Posted on October 20, 2016 by Bryan Zarpentine
Well, the NLCS is a brand new series. What was once a 7-game series has now been turned into a best of three between the Chicago Cubs and Los Angeles Dodgers. After being shutout in back-to-back games, the Cubs finally delivered the offensive explosion we’ve been expecting from them all postseason. Between scoring 10 runs in Game 4 and knowing that two of the final three games will be played at Wrigley Field, momentum appears to have shifted back in favor of the Cubs heading into Thursday’s Game 5 in Los Angeles.
Table of Contents
Despite averaging five runs in their first five postseason games prior to being shutout in Games 2 and 3 of the NLCS, Game 4 Wednesday night was the first time Chicago’s offense really seemed to be clicking since the playoffs began. First baseman Anthony Rizzo and shortstop Addison Russell, who have both endured treacherous postseasons, both had three hits, including a home run, potentially signaling an end to a playoff slump for each player. Ben Zobrist also put together good at bats, while Dexter Fowler helped provide a spark at the top of the lineup, as the Cubs did not have to rely solely on Kris Bryant and Javier Baez for offense.
Of course, it was just one game, and the Cubs did most of their damage in just two innings and almost exclusively against rookie pitchers. It obviously gives Chicago a great deal of confidence heading into Game 5, but one can’t completely discount the possibility that their offensive explosion in Game 4 was just an aberration.
Sign up for a FREE Consultation to start working with Legendary Sports Bettor Jon Price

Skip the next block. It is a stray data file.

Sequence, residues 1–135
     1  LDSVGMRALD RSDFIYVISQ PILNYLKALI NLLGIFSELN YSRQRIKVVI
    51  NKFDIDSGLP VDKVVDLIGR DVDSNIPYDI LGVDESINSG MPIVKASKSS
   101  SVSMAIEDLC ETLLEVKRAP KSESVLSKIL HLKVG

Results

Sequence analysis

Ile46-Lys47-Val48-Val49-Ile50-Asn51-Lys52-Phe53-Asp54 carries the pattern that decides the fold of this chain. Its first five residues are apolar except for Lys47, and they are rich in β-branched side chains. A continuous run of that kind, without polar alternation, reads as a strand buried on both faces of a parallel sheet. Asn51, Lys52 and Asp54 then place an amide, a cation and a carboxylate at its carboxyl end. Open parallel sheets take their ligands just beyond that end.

The pitching matchup in Game 5 will be a rematch of Game 1, with Kenta Maeda starting for the Dodgers against Chicago’s Jon Lester. Maeda has not had a strong postseason. Over two starts, he’s allowed seven runs in seven innings of work. He lasted just four innings in Game 1, giving up three runs and hurting himself with three walks. He should feel more comfortable pitching at home and should be more familiar with Chicago’s lineup, but that doesn’t guarantee he’ll be more successful than in Game 1.
Meanwhile, Lester has been outstanding in his first two postseason starts, posting a 0.64 ERA over 14 innings of work. His strikeout rate is a little down from the regular season, but other than the home run he surrendered to Andre Ethier in Game 1, he’s been close to perfect during the playoffs, and there’s little reason to expect that to change in Game 5.
Let’s not mince words, Maeda is the biggest X-factor in Game 5, and his performance Thursday night could very well decide the series. If Maeda can deliver a strong performance and help the Dodgers take Game 5, it would force the Cubs to beat both Clayton Kershaw and Rich Hill on back-to-back nights after those two lefties dominated in Games 2 and 3. That’s not a position the Cubs want to be in, even at home.
However, if Maeda struggles, the Dodgers face an uphill battle facing Lester, and then would likely have to win both Games 6 and 7 in Chicago to take the series. In that scenario, the Dodgers, even with Kershaw and Hill starting, would be in a difficult spot, hoping for some crazy, curse-related event to unfold that prevents the Cubs from reaching the postseason. That is why they need Maeda to be at his absolute best Thursday night; the series could depend on it.
With Lester facing Maeda, the Cubs are obvious betting favorites in Game 5, even on the road. Chicago’s lineup continuing to light up the scoreboard isn’t a guarantee, but at the same time, it’s been more than a month since Maeda had a truly impressive performance. Meanwhile, there’s a strong chance that Lester will pitch another great game and help the Cubs re-take the series lead. Chicago wins 3-1.